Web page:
To save money, Springfield's government is working towards taking township public employees off of their current health care provider and moving their coverage to the state plan. Officials say the move, first discussed in 2009 and recently voted on by the township committee, would save taxpayers well over $1 million.
Oxford Health currently covers Springfield's 137 public employees and 41 retirees with a plan that costs approximately $4 million annually. Along with pensions, it is the largest cost to the township budget. And, officials say, its cost is set to increase by 11 percent.
"We have the Rolls Royce of health care systems," Springfield Mayor Ziad Shehady said. "We just can't afford it anymore."
The state's health care system, which the Township Committee voted to pursue at their August meeting, is far less expensive than the Oxford plan. But, officials have emphasized, it does not represent a serious drop in coverage.
"Oxford is a very good plan," Township Committee member Jerry Fernandez said. "The one they are going to get is still very good."
Under the state plan, Fernandez said, employees would continue to have a $10 co-pay for visits to doctors within the plan's network.
"It's Blue Cross/Blue Shield," Fernandez said. "Most people in the private sector wish they could have it."
One major change is that under the state plan, employees would be shifted into Medicare coverage when they turn 65. Under the current agreement, Fernandez said, retired employees would stay on the township plan even as they moved out of the network's geographic range.
Public employee unions expressed a mix of resignation and optimism about the switch.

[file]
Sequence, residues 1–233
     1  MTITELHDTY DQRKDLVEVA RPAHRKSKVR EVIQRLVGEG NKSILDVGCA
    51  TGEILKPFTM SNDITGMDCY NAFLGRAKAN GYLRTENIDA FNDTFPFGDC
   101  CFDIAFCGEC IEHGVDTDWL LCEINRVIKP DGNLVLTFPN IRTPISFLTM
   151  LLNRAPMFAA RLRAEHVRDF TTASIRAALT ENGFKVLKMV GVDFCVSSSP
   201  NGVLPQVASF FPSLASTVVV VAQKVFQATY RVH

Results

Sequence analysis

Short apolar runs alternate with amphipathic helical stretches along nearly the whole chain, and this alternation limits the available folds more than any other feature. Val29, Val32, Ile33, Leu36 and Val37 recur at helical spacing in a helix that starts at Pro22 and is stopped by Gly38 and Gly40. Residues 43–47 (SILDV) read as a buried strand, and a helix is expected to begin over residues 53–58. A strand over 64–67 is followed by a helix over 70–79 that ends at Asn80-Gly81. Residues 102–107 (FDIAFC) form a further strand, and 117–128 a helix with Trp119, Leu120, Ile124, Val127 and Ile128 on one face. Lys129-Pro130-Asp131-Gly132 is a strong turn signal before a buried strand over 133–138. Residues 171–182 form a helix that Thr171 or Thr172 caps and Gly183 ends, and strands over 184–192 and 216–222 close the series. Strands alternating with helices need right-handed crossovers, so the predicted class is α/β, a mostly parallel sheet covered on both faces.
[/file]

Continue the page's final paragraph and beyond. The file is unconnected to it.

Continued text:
"We've never been close minded to it," Springfield Firemen's Mutual Benevolent Association president Joseph Popolo said of moving to the state's healthcare plan. "We are open to helping the taxpayers with the cost of healthcare."
He added: "it's a comparable plan to what we have now."
Between 2009 and 2010, Springfield lost $451,000 in state aid. Like municipalities throughout the state, the township is dealing with increasingly scarce resources to cover increasing costs.
In the past, Springfield's government hired an insurance broker to strike deals with insurance companies. The choices were limited by Springfield's size, with many insurers declining to work with a workforce in a town as small as Springfield.
"Last year, we spent $1.2 million on retirees," Fernandez said.
Entering into the state program would get rid of the need for an insurance broker and the need to pay the broker's three percent commission—$120,000 for a $4 million deal.
Officials met with Springfield public employees unions in a closed-door meeting on Wednesday, Aug. 18. A second meeting is set for Sept 14.